Costa Rican Businessmen Reject FTA with Mexico

The House of Food Industry (CACIA for its acronyms in Spanish) "absolutely" rejected the possible signature of a FTA between Central America and Mexico.

Tuesday, September 14, 2010

The president of CACIA, Marco Cercone, said the signing of a Free Trade Agreement between Central America and Mexico would be a "setback" for standards of origin.

"The entrepreneur described this situation as a 'big mistake´ by commerce authorities in the country and a setback when compared to former, more flexible rules of origin achieved by Costa Rica in its bilateral FTA with Mexico, which has been in place for over a decade".

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Benefits of a Unified FTA Mexico - Central America

January 2012

Central American countries will be able to access the Regional Integration Committee of Supplies, to supply raw materials for the development of Mexican goods, especially textiles.

After three years of negotiations, the Unified Free Trade Agreement between Mexico and Central America was signed on November 22nd 2011.

Central America - Mexico TLC in Stalemate Over Sugar and Textiles

October 2011

Access for sugar and the rules of origin for textile goods are delaying the negotiations for unification of the FTAs between Mexico and the region.

Before the 17th of October, the planned date for signing the agreement, negotiations in these areas must be concluded.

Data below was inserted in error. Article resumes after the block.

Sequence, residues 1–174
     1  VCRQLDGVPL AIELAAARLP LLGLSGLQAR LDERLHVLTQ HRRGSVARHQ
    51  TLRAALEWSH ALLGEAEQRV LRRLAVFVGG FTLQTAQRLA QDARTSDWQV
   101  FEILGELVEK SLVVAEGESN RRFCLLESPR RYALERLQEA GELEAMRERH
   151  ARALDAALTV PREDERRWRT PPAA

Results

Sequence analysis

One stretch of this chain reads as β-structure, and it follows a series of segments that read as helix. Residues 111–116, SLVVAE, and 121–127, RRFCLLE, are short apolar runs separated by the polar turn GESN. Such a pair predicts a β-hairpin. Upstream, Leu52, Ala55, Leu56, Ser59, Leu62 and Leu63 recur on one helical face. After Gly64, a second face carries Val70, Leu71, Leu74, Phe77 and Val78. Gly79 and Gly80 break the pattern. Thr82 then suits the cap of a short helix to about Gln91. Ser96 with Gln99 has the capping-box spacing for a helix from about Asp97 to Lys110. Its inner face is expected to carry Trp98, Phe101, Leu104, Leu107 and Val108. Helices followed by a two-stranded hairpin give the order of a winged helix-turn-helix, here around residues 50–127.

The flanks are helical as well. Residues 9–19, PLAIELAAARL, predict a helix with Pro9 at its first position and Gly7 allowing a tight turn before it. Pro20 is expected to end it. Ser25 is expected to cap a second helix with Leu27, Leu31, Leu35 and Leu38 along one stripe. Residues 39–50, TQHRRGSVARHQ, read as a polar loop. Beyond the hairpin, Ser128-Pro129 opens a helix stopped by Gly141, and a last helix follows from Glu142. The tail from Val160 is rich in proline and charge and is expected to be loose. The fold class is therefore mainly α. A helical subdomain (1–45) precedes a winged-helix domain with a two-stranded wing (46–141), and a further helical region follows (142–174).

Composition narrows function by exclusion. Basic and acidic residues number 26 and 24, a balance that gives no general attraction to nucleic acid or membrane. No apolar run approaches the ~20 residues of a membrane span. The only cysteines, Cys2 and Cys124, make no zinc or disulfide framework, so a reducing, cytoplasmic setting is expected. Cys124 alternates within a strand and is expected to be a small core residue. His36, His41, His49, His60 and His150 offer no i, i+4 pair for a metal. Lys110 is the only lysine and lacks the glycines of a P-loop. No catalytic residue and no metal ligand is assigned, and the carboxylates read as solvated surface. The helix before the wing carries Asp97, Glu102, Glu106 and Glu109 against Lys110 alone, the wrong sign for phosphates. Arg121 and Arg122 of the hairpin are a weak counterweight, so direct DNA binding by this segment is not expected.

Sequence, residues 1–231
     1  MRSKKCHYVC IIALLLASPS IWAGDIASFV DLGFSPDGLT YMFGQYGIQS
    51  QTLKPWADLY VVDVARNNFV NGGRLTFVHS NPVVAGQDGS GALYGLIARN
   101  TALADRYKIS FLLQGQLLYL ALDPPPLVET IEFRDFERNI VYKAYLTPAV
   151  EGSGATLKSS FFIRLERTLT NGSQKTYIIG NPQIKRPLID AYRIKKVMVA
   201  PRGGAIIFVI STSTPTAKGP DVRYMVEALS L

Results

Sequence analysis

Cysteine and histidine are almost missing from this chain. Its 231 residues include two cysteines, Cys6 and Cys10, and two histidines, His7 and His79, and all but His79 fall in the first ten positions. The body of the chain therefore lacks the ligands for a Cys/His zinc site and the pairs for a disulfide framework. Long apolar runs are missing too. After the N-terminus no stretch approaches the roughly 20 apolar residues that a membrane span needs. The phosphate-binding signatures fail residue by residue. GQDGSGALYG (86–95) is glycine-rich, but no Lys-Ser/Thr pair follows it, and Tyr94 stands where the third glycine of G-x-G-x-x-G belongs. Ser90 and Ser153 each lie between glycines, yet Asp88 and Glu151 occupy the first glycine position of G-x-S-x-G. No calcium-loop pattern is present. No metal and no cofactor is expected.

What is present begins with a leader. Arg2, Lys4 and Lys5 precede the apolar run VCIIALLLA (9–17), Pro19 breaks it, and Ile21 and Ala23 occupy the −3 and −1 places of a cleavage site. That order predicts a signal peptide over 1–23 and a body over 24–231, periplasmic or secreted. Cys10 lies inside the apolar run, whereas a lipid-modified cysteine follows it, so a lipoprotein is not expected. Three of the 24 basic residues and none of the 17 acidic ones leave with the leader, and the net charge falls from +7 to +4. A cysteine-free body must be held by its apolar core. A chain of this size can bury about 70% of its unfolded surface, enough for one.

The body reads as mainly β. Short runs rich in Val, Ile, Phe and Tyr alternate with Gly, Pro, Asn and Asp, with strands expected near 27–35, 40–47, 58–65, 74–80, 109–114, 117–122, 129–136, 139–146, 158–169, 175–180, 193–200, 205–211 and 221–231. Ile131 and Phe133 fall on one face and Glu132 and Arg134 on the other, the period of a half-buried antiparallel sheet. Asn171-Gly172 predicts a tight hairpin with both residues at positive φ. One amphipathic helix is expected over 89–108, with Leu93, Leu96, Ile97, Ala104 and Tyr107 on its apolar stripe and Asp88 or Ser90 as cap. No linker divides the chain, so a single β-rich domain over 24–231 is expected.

The Costa Rican Minister of Foreign Commerce (Comex), Anabel Gonzalez said ...

Mexico Includes Sugar and Banana in FTA with CA

October 2010

Mexico could allow privileges to those products in connection with the unification of the FTA.

In return, it requested access to CA of its dairy products, cars, avocado, steel and white corn.

Guatemalan Vice Minister of Foreign Trade, Raul Trejo, told, "We must be aware that in negotiations you not always getting what you ask for; sometimes you need to yield in some areas.

Second Round of Unified FTA with Mexico

August 2010

Yesterday the second round of negotiations began to unify the various agreements Central American countries have signed with Mexico.

The objective is to unify the different agreements signed by Nicaragua, Costa Rica and the "Northern Triangle" (Guatemala, Honduras and El Salvador) into one single Free Trade Agreement (FTA).

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